The problem with the Leno show is that it hasn't even lived up to NBC's normal standards. Fact one: the show routinely finishes third in its time slot in the ratings each and every week night. Fact two: the show routinely finishes third in the 18-49 year-old demographic each and every night of the week, including on Wednesday night when ABC had been airing the now cancelled Eastwick and Tuesdays when ABC airs the "hanging on by the skin of Jerry Bruckheimer's teeth" The Forgotten. Fact three: the show is not providing as good a lead-in to the local newscasts on NBC's affiliates as just about everyone had hoped. And since the late local news is a profit center for the affiliates they are not happy, to the point where there have been preliminary rumblings that they'll stop carrying the show which in turn will affect audience and advertising revenues for NBC. Fact four: increasingly the quality of guests that Leno is able to attract seems to be in decline. It's not a radical decline but it does seem to be trending down. Fact five: Leno's ratings have not improved when the show was up against reruns. This is a big one; it was always stated by NBC in their packages about Leno that while his show might not win the time slot against new dramatic shows it would perform better against reruns because 46 out of 52 weeks would be new shows. If that's not happening, and it certainly looks as though Leno is only improving slightly against reruns and CBS reruns are winning every night Leno's new shows. We know that hasn't happened when the CBS shows were running up against NBC dramas like the Law & Order franchise and ER. Which brings us to...Fact Six: Running Leno in the third hour of primetime has forced NBC to run their more adult programming – such as the Law & Order series – in the second hour at a time when either the content has to be dialled down or it is totally unsuitable. Or, in the case of the extremely gritty police series Southland they were forced to scrap the series entirely. Southland, which has fortunately found a home on TNT, was deemed to be too extreme for the Friday second hour time slot that it was originally slated to appear in and was cancelled by NBC.
Look, I can see the machinations that were going on at NBC with the whole Leno-Conan O'Brien thing. In simple terms the network had two cakes and wasn't willing to set down either one to safely deliver one of them. When they announced Jar's retirement from the Tonight Show in 2004, the network was undoubtedly worried that they couldn't keep the popular O'Brien in the second late night slot indefinitely and if they didn't move him to the Tonight Show they'd lose him to ABC. And Jay's statement at the time, "You can do these things until they carry you out on a stretcher, or you can get out when you're still doing good," seems to indicate that he may have thought the time had come to go. If that was the case, then the transition would have been smooth, but for many people – even those who thought that if Leno wasn't, "still doing good" – thought that the workaholic Leno would come to regret deciding to step down. And of course he did, which left NBC on the horns of a dilemma. Should they break their promise to O'Brien and keep Leno on the Tonight Show for as long as he wanted to stay, in which case Conan would be out the door and over at ABC or FOX. Or should they hold Leno to his agreement, in which case Jay would have been on ABC or FOX or even the Tribune stations and presumably demolishing Conan O'Brien. So they gave Jay Leno his prime time show and hyped it to make it appear as if it were the second coming of television...which it wasn't. The net result has been bad for Jay Leno – his show is not a good fit for primetime – bad for Conan O'Brien – there's the constant feeling that he's still under Jay's shadow – and good for one man, David Letterman. Since Conan has taken over the Tonight Show ratings for Letterman's Late Show have surpassed the Tonight Show not just overall but in the major 18-49 and 18-35 demographics. And not even the revelation that Dave had, before his marriage, slept with female members of his staff had an effect on that.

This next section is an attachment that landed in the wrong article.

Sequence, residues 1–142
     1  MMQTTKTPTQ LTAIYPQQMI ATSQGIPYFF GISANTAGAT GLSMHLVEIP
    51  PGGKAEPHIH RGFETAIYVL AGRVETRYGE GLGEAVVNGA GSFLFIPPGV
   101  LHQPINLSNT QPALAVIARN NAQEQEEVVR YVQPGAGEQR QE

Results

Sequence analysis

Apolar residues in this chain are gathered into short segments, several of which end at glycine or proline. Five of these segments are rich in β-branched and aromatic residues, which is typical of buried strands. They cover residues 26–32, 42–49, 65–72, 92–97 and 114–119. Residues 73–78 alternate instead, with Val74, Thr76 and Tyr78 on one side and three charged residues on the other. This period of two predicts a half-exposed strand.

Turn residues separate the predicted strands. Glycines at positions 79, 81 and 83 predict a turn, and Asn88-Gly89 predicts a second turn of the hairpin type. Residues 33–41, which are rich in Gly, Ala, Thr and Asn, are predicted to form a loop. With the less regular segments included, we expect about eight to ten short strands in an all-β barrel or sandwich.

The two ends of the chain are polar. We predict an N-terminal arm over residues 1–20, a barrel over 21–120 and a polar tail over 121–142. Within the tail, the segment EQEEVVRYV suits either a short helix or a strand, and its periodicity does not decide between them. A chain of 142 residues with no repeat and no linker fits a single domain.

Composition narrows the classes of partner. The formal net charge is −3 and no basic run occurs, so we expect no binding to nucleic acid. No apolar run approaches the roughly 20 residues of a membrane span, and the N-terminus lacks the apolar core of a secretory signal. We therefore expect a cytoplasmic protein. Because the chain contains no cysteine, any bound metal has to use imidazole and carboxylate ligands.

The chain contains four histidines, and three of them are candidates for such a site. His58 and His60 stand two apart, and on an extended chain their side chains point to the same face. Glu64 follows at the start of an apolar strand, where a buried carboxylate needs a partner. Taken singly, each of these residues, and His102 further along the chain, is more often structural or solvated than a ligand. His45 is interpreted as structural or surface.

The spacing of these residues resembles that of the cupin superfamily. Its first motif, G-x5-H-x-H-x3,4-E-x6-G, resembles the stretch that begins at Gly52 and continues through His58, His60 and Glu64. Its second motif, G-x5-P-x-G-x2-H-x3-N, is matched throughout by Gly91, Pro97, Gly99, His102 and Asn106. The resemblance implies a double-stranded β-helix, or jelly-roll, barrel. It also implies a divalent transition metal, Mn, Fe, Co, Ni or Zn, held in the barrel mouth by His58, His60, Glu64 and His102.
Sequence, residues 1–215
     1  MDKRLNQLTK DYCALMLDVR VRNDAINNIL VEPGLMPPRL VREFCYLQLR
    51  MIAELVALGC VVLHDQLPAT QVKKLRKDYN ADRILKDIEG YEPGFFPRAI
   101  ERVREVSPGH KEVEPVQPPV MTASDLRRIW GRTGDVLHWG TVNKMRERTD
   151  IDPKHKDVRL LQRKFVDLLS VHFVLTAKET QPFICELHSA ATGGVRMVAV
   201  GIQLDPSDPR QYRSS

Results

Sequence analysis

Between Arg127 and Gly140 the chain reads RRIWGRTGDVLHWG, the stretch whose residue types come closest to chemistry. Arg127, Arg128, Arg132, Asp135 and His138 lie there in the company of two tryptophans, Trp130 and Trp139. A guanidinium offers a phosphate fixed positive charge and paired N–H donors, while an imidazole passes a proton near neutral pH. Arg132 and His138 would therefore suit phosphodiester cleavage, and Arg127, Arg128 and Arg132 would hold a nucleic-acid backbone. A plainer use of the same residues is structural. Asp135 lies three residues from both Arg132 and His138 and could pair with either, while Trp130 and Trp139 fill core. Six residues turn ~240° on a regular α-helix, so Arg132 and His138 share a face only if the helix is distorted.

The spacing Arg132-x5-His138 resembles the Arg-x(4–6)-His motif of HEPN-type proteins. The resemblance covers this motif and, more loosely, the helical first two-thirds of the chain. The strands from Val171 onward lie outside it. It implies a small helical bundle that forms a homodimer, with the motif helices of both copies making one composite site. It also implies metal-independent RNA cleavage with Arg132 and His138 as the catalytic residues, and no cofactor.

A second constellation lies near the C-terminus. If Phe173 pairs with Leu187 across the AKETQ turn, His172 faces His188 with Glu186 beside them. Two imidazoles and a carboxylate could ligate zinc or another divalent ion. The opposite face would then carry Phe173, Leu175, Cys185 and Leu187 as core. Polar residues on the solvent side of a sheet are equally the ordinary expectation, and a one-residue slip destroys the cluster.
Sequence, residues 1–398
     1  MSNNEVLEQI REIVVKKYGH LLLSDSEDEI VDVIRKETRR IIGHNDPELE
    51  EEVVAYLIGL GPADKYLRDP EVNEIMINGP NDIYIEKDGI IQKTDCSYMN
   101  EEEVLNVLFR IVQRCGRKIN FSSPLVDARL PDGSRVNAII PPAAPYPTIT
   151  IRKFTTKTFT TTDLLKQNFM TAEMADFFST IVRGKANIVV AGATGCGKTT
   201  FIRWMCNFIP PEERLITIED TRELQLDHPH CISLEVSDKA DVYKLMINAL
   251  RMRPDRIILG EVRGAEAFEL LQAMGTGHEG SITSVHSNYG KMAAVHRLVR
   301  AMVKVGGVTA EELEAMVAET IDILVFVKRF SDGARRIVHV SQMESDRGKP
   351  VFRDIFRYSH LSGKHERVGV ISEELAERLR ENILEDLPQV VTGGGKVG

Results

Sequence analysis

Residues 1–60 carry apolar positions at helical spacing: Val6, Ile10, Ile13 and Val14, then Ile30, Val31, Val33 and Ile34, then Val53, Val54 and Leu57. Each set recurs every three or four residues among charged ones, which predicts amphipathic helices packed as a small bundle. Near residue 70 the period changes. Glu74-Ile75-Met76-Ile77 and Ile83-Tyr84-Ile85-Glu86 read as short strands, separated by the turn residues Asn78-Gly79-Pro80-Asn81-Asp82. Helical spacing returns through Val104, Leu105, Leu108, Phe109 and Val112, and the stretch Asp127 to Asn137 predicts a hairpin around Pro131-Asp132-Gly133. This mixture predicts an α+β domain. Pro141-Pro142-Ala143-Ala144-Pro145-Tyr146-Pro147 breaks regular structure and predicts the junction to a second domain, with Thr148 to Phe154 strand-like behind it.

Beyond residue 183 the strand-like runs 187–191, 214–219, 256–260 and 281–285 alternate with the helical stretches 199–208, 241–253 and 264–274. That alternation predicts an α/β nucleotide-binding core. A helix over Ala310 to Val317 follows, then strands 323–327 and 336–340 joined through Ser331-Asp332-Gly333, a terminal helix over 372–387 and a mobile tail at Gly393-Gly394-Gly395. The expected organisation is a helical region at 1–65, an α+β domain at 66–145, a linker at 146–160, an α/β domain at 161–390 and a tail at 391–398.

I can't fault Jay Leno for the Jay Leno show as much as I probably should. The decision to put the show on the air was after all NBC's. The network was the organization that wanted to keep Jay around at any cost and given Jeff Zucker's frequent musings on abandoning the third hour of primetime putting Leno on there must has seemed like a good idea at the time. Still, if there was anyone left at NBC who had an institutional memory that extended beyond Knight Rider and Bionic Woman they might have hearkened back to the first two hosts of the Tonight Show and what they did after leaving the late night grind. Both Steve Allen and Jack Paar had primetime series on NBC after they completed their runs on the Tonight Show, although Allen's series, which was on opposite The Ed Sullivan Show on Sunday nights, started while he was doing the late night Tonight Show. Allen's NBC primetime show ran for four years from 1956-1960 while Paar's show ran from 1963-1965 (Paar pulled the plug on the show himself). The thing about these shows is that they were both hour long shows, one night a week. While it is entirely possible that the modern television industry would not accept a live hour-long talk and comedy series one night a week they way they did – at least for a while – in the 1950s and '60s, but it would have presented an opportunity for NBC to keep Leno and give Jay a real opportunity to do superior. Just about anyone who has seen even a few minutes of Jay's current primetime show will tell you that what he's delivering isn't the quality of comedy that he's capable of.